from 125th Street, mostly under 2nd Avenue, would eventually extend all
the way to my constituents in the financial district. As a senior member
of the House Transportation & Infrastructure Committee I am proud to have
done my part in Congress to insuring this project takes place, I am
equally as proud to be here at this momentous occasion when the FTA signs
a Full Funding Grant agreement with the MTA to provide billions of dollars
to finally make this project a reality."

Assembly Speaker Sheldon Silver said: "The Second Avenue Subway is one of
the most important and needed transportation projects in the region, which
is why I fought for the initial commitment of state funding to
once-and-for-all get this project moving. I am delighted that the Federal
government has joined us in our commitment to the Second Avenue Subway and
has now guaranteed that funding is in place for the first phase of the
project. In addition to easing overcrowding on the Lexington Avenue line,
the full-build Second Avenue Subway will provide significant benefits to
Lower Manhattan."

City Council Speaker Christine Quinn said: "For years, the Second Avenue
Subway line has been a lot like the rumors of alligators living in the
sewers. Today, we move toward making a project that has been more of an
urban legend into a reality. The Second Avenue subway line will ensure
our city's infrastructure keeps pace with both population and economic
growth. It is a project that will benefit nearly every New Yorker."
Manhattan Borough President Scott Stringer said: "It's been a long time
coming, but we're finally on the right track. The Second Avenue Subway is
essential to realizing our 21st Century economic and quality of life
ambitions. I thank my colleagues in government and the many community
leaders and transit advocates who took this plan off of the shelf and
turned it into a reality. This is a great day for mass transit, which
makes it a great day for New York City."

Elliot G. Sander, Executive Director and CEO of the MTA, said: "We are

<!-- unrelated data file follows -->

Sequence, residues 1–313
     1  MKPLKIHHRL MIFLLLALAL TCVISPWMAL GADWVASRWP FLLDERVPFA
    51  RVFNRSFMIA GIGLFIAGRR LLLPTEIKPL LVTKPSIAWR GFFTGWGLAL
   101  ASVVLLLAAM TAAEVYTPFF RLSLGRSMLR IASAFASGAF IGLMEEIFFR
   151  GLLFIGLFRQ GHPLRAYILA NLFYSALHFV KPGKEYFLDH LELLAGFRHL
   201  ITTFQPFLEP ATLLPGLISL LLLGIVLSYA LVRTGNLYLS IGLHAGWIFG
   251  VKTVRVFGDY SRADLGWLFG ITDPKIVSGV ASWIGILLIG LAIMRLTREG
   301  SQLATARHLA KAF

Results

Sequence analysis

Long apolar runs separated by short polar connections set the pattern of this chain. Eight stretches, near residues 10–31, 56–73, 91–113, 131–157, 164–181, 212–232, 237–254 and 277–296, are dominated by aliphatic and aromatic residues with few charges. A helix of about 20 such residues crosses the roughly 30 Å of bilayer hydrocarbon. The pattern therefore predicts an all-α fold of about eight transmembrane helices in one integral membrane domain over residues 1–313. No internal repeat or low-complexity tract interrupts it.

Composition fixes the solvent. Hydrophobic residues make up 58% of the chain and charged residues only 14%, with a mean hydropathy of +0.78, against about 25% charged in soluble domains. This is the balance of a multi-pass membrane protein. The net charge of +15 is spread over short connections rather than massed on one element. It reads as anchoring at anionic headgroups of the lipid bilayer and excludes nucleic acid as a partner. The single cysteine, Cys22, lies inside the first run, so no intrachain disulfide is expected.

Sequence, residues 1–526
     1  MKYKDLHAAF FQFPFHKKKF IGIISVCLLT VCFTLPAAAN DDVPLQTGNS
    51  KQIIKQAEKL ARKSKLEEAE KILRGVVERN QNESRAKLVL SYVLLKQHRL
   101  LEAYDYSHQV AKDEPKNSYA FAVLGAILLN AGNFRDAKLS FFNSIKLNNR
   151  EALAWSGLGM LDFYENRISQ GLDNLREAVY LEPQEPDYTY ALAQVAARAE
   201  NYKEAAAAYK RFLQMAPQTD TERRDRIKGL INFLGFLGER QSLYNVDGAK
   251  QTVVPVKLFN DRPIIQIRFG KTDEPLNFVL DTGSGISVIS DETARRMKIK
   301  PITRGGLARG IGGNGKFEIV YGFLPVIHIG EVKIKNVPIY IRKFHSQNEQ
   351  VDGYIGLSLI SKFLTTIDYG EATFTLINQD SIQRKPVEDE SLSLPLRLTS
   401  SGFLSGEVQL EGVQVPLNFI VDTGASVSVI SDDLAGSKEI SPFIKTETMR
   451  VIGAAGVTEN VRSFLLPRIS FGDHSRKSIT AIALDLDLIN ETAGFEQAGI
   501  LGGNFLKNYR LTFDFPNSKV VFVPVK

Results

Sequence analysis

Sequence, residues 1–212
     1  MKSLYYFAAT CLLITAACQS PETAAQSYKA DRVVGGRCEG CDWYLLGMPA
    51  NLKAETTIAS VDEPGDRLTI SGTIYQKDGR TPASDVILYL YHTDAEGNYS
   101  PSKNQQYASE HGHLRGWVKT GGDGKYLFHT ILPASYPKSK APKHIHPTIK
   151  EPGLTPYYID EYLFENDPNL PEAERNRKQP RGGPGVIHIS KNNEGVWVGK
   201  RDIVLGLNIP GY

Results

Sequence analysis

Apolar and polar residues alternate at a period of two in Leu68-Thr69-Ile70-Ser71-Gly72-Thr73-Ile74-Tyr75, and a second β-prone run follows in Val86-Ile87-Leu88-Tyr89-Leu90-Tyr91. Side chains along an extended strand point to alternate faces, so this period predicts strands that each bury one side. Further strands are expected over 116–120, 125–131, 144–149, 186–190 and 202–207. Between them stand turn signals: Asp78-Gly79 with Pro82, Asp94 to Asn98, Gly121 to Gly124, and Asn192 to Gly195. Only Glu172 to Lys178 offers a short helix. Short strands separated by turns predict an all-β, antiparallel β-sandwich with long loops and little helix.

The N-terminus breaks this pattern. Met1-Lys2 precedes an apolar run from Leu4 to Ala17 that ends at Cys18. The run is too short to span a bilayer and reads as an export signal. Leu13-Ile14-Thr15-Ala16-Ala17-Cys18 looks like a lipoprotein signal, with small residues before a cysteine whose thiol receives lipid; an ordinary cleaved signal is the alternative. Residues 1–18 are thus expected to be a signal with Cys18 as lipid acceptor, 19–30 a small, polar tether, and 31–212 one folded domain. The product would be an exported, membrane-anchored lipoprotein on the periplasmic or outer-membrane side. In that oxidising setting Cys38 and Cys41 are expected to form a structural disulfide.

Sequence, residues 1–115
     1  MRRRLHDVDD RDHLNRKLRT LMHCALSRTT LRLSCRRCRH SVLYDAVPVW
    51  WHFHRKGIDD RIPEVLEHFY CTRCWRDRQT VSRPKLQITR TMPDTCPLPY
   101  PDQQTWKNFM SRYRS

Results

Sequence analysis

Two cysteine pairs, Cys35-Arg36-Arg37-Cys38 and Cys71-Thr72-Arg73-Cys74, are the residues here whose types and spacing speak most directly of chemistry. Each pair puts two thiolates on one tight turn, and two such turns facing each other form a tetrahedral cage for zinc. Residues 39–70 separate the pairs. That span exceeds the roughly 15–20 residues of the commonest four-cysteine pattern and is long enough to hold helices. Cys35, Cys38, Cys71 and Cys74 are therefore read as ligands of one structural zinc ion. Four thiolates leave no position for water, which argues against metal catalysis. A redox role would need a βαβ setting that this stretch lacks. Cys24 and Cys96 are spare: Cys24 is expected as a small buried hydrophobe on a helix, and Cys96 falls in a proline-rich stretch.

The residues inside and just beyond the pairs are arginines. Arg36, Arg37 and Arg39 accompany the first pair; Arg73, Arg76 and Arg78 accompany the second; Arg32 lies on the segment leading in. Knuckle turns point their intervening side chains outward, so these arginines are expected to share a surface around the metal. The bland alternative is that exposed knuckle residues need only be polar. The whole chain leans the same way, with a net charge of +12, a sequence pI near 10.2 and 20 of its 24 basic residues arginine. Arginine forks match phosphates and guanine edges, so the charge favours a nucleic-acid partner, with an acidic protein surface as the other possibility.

pleased that our team at MTA Capital Construction is able to undertake the
first major expansion of the subway system in generations, even as we
perform other expansions in the East Side Access project and the 7-train
extension. We are deeply grateful for the Federal commitment and for all
the hard work that New York's congressional delegation has put in to
secure this funding."

Ground was broken for the project in April, and construction is visibly
underway on Second Avenue. Currently, crews are moving utility lines
(sewers, electrical and telephone lines) on the West side of Second Avenue
from 91st to 95th Streets so that a tunnel boring machine can be moved
into place to begin tunneling. During this portion of the project, four
lanes of traffic will remain open for use. As this is completed in the
next three months, traffic will be diverted to the other side of the
avenue to repeat the utility relocation process on the other side.

The line is scheduled to open in 2014. Construction will continue with
three additional phases that will extend the line first up to 125th
Street, where it will connect with the 4, 5 and 6 subway lines and with
MTA Metro-North Railroad, and then down to Hanover Square in the Financial
District. After completion of the third and fourth phases, the line will
carry two trains: the Q and the T, which will run the full length of
Manhattan.

When completed, the full-length Second Avenue Subway is projected to carry
560,000 people per day. According to the latest figures from the American
Public Transportation Association, Los Angeles' subway carries 133,200
riders on an average weekday; Atlanta's MARTA, 239,400, and San
Francisco's BART, 365,300, by comparison. New York City's entire subway
now carries nearly 6.3 million passengers on a typical weekday.

Today's announcement demonstrates the Spitzer administration's continued
commitment to investing in the MTA transit system as well as other
critical New York City infrastructure projects such the redevelopment of
Penn Station, the PATH Hub at the World Trade Center, East Side Access,
South Ferry Subway Terminal and the Fulton Street Transit Center.